Diatonic guitar thinking means that you use the chords and arpeggios that can be derived naturally from a given key, without having to alter any notes with accidentals.
This means you can base your chord progressions or accompaniment on a certain scale, and all the notes that form the chords, are present in the scale.
For any key, there are seven notes in the scale. Each note of the scale can form a chord that uses only the other notes in that scale. This means that in their most basic form, there are seven diatonic chords in a scale. This is the basis of diatonic thinking. All the chords you form from a diatonic scale, are related, since they use the same selection of notes.
The easiest way to approach diatonic guitar thinking, is to start at the bottom note of the scale you are using. That note becomes your the root note for the chord you form. As an example, in the key of C Major, there are seven notes, or degrees in the scale.
The degrees are represented using roman numerals, with capitals for Major chords, and lower case for Minor chords. The root note is C, so C a C Major chord is formed. This is represented by ‘I’.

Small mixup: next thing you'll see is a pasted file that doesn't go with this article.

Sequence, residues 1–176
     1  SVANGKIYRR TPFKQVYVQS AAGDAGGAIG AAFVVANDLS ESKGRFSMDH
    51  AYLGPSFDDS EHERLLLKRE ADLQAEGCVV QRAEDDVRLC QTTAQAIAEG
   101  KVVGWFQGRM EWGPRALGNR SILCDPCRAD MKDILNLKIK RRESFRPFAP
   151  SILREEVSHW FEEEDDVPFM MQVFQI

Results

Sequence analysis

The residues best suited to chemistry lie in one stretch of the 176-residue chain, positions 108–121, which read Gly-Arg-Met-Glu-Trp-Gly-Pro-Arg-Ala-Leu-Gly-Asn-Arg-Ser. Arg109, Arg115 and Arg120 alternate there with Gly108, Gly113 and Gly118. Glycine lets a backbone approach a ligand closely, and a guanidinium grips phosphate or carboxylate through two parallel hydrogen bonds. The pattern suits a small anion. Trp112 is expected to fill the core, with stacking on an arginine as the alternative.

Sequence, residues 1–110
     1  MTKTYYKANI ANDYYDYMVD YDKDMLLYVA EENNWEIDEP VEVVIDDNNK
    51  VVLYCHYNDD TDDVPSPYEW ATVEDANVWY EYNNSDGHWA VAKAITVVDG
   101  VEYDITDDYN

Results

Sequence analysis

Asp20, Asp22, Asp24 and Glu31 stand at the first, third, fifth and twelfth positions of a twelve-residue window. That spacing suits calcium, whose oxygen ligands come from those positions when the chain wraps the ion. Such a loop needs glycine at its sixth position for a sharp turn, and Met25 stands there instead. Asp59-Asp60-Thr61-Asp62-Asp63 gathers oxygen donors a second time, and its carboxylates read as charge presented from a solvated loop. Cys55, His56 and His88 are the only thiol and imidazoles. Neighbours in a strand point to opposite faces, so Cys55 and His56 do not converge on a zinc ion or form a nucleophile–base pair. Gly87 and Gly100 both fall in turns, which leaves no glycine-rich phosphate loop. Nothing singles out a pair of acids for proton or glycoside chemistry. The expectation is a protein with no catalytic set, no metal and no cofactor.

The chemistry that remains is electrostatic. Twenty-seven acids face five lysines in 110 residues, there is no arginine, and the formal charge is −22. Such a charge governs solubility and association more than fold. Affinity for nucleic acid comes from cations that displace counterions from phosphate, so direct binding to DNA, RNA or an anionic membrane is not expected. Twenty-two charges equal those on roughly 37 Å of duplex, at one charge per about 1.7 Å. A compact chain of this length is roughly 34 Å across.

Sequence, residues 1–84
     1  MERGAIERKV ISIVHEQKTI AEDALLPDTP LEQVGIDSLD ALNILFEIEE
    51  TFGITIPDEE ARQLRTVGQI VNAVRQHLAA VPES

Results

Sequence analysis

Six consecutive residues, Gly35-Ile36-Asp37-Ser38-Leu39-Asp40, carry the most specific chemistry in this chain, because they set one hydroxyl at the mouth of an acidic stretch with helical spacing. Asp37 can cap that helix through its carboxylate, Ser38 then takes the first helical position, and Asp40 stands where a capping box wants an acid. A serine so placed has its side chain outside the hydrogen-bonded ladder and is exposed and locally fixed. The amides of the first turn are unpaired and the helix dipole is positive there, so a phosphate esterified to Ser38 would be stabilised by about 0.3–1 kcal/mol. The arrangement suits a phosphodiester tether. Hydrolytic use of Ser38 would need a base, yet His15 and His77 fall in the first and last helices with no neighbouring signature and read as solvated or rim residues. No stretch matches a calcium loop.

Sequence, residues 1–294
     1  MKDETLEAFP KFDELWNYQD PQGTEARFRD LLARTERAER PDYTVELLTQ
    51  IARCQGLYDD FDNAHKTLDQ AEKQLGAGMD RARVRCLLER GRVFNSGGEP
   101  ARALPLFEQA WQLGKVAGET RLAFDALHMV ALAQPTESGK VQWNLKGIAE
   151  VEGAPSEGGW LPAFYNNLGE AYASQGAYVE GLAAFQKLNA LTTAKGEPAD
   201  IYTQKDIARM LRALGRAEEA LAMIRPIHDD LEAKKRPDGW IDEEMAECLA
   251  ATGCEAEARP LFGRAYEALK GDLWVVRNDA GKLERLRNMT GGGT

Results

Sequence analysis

The second and third degrees are both minor chords, namely D Minor and E minor. They are designated by ‘ii’ and ‘iii’. The fourth and fifth degrees are major chords, which for the key of C Major, are F Major (IV) and G Major (V). The sixth degree (vi) is minor, so A Minor is the chord that is formed.
The sixth degree minor chord for any major scale, forms the basis for relative minor scale for that particular major key. The seventh degree (vii°) is always a diminished minor for a major diatonic scale, so B Diminished Minor is the chord.
The above sequence of chords forms the basic building blocks you would use in diatonic guitar thinking. For variation, you can use a diatonic major scale, and using the seven degrees and their associated chords, you can “flavor” them by forming seventh chords. They will still all be diatonic chords, since only the notes of that scale are being used, but they sound slightly different, due to the structure of the seventh chords.
For example, in the key of G Major, you can build a sequence of diatonic Seventh chords as follows:
• (I) G Major Seventh
• (ii) A Minor Seventh
• (iii) B Minor Seventh
• (IV) C Major Seventh
• (V) G Dominant Seventh
• (vi) E Minor Seventh
• (vii°) F# Minor Diminished Fifth
The diatonic chords are represented with Roman numerals, instead of just their letter, to make it easier to describe sequences in a certain key. For example, if you know you are playing a piece in the key of C Major, and the diatonic chord progression is I, vi, V, then you know that the chord changes will be C Major, A Minor, G Major.
These progressions are used in different keys, so once you become familiar with them in one key, you will be able to anticipate what they will sound like in another key. In essence, learning and understanding the basics around diatonic guitar thinking, helps you with chord progressions, soloing and playing accompaniment.
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